Elvis


Got this from Ruddy, for his birthday.

Amazing Elvis in His Last Days, Singing Like the Man of His Youth

Poor Elvis can hardly stand up. But that one-of-a-kind most amazing voice is still there. Incredible. This had to be only a few weeks before he died. Remember he sang the hell out of “Hurt,” an operatic song, only a couple of months before he died. The voice remained until his last breath, I suppose.

Here, it’s a wonder he could play the piano, which he did very well, though he tended to press his voice instead of his instrumental capabilities. His voice still rules!

Elvis Singing “Unchained Melody” in his last days.

https://www.ba-bamail.com/video.aspx?emailid=34040

In case you’ve forgotten “Hurt,” here it is in its short brilliance. Don’t forget! No one else will sing this song as it’s written, a short opera piece, because it’s so ungodly brutal on the vocal cords. Neither the first sing-out or the second one is there a build to the crescendo. That is difficult to do, nearly impossible, and terrible dangerous on the cords. Even in his later years, Elvis worked on his vocal cords. He never smoked more than a cigar every now and then. He never drank, more than a beer here and there. That might have saved those cords. But whatever and however, they were still in good running condition in his last few months here on earth.

Notice when he whacks out the second sing-out, he grins at his band, because he knows he’s killed it. Always for us here, utterly difficult to believe someone has a voice like that.

“Hurt” Elvis (2:00) Live & Raw! 1977, a short time before his death.


Two More Pieces

Elvis shows his range the second song, a range that people claimed he did not have. He did stop slightly short of C-sharp, but he could start very low and go right to that point. And how many singers could move from one level to another at will during a song? “Spinout” is a perfect example of that.

In “Spinout” below, Elvis moves from tenor to baritone with such ease you wonder if he even has to think about doing it. And it’s so subtle, but it makes the song—a quite simple song that most people wouldn’t take a second thought to. Yet Elvis does something in it that no other singer during his day could do. And none can today either; they don’t even try!

Really great beat song. Wonderful classical pauses. Elvis uses very little voice manipulation, except at 1:17 and 1:58, when he gives us a tiny tease with a voice break on the word “prove.” Perfect! Who has ever been able to break his voice and make it a wonderful sound? Indeed, only Elvis.

Elvis begins the song singing tenor, and then when he steps up on the platform at 1:03, he drops to baritone, and then goes back up to tenor when he steps down from the platform; and then when he steps up on the bench, he drops back down to baritone, and when he steps down, he goes back up to tenor. Cute! Elvis goes up; his voice goes down. Elvis goes down; his voice goes up.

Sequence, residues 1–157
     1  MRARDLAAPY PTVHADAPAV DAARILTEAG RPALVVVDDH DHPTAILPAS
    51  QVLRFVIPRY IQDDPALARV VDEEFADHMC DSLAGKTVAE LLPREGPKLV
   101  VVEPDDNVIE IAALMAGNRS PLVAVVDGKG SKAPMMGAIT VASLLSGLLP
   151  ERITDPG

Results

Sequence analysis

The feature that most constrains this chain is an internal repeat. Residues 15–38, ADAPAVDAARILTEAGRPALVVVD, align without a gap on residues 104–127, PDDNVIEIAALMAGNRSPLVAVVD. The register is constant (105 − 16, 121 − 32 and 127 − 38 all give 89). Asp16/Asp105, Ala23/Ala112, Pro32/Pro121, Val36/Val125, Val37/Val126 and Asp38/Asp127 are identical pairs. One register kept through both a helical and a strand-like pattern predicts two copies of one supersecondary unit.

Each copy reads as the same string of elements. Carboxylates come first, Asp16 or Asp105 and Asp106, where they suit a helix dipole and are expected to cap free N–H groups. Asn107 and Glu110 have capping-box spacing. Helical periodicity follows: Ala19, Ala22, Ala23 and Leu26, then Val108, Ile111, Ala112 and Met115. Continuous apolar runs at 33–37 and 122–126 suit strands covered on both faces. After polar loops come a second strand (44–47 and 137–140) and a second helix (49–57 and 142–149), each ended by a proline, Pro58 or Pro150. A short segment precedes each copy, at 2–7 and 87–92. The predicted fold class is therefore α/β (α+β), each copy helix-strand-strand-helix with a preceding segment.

This is some real slick singing Miss D., again showing what an ungodly ear Elvis had, to move from low tenor to high baritone—as smooth as a swooning teen bats her eyes.

“Spinout” is peppy, fun, and uplifting. It’s one of my favorites to show how Elvis could turn a simple song into an interesting piece. Who else could do this?

“Spinout,” Elvis Presley from the Movie, “Spinout,” 1966 (2:30)

Here you hear Elvis knocking out four octaves with his astounding voice. This one speaks for itself. Notice the excellent classical build and then an anticlimax, before the final build begins. Notice the last verse when Elvis builds his voice with the music to come to an astounding four-octave climax. Check that grin out on his face after he looks at his band, knowing that he’s perfectly killed the finish. How could you not love this rascal?

When you hear the media talk about Elvis being no more than a “Rock & Roll Rebel,” and someone who “wiggled his hips to fame,” know that they are either ignorant or liars, perhaps both! The only way he would work with this orchestra was that he did the conducting. And this he did. Watch him at the end as he revs his voice for the finale.

Plain raw talent and an amazing ear at work!

“What Now My Love” Elvis (3:00) Live & Raw!

Leave a Reply

Fill in your details below or click an icon to log in:

WordPress.com Logo

You are commenting using your WordPress.com account. Log Out /  Change )

Google photo

You are commenting using your Google account. Log Out /  Change )

Twitter picture

You are commenting using your Twitter account. Log Out /  Change )

Facebook photo

You are commenting using your Facebook account. Log Out /  Change )

Connecting to %s

This site uses Akismet to reduce spam. Learn how your comment data is processed.